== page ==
- Adopting a local family and providing gifts for the holiday season as part of the 2018 Midlands Families Helping Families Christmas program.
- Continuing community service projects with weekly Meals on Wheels delivery and annual volunteering at Harvest Hope Food Bank.
- Supporting The Rotary Foundation with $242 per capita member giving that ranks among the top 10 clubs in District 7770.
- Serving as lead club for a Global Grant Project, partnering with the Rotary Club of Sunyani East in Ghana, Africa to construct the Nkrankrom Elementary School. Our club donated $2,500, District 7770 raised more, and with a Rotary Foundation match, Sunyani East was awarded about $94,000 to build the school.
- Publicizing our activities with 39 club website and social media posts; reaching over 2,700 people through social media; 1,643 website users; 38 postings on District 7770’s website and newsletters; 53 press releases posted by local media; and six monthly club activity recaps e-mailed to members.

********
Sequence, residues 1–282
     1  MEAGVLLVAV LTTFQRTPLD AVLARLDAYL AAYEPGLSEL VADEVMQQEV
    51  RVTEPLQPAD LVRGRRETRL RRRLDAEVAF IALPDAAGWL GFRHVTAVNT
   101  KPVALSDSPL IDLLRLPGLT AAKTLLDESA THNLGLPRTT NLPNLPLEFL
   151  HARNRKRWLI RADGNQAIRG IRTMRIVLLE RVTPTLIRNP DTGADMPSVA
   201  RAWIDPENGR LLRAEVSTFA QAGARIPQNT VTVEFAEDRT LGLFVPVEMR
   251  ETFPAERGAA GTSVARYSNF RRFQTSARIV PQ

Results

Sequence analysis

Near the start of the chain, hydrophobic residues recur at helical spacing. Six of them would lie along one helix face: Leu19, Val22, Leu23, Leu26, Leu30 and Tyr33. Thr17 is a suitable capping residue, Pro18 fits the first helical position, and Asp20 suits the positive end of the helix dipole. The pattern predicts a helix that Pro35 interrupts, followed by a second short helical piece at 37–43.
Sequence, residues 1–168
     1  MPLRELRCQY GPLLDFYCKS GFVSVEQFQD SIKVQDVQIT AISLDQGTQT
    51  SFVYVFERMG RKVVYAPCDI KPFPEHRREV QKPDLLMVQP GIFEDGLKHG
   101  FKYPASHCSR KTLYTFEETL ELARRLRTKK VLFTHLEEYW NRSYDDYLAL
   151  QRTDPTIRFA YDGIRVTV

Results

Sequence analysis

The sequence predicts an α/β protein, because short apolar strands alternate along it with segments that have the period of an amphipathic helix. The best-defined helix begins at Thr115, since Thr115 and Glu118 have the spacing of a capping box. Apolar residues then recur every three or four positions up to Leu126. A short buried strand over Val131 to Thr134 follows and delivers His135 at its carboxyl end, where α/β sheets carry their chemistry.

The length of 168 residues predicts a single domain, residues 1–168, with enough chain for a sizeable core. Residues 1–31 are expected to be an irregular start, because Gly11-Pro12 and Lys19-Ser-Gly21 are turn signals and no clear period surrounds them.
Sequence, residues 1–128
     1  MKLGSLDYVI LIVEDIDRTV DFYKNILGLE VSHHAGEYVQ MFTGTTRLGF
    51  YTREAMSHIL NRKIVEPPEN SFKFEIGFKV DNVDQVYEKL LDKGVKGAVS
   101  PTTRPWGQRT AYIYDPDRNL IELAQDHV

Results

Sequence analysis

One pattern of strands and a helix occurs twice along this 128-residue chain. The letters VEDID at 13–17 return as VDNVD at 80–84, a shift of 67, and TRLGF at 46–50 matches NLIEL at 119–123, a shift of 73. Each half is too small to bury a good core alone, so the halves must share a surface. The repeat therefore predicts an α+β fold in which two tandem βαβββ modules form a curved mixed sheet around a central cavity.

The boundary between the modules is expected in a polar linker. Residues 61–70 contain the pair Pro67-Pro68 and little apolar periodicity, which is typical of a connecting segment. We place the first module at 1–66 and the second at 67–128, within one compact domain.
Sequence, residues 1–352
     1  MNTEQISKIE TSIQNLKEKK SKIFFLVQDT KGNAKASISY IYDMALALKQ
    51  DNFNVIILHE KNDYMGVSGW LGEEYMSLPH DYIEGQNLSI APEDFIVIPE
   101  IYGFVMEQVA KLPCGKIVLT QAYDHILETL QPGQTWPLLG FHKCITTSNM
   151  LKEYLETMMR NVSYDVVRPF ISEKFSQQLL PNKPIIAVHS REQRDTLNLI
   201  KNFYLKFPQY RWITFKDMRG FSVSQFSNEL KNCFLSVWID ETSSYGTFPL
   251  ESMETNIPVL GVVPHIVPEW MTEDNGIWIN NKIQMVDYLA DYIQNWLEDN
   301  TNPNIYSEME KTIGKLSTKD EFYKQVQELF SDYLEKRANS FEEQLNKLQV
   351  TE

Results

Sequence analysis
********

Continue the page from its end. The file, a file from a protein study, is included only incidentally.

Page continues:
Capital Rotary member Mike Montgomery (left in photo) is congratulated by club president Philip Flynn for continuing contributions to The Rotary Foundation in support of international programs that promote peace, human development and world understanding. Montgomery has earned Paul Harris Fellow plus-seven honors (signifying an initial $1,000 donation with seven additional gifts in the same amount). Montgomery was an 11-year Spring Valley Rotarian before joining the Capital club in 2015. The University of South Carolina graduate has been a private practice lawyer since 1985 and formerly served on Richland District Two’s school board and on Richland County Council.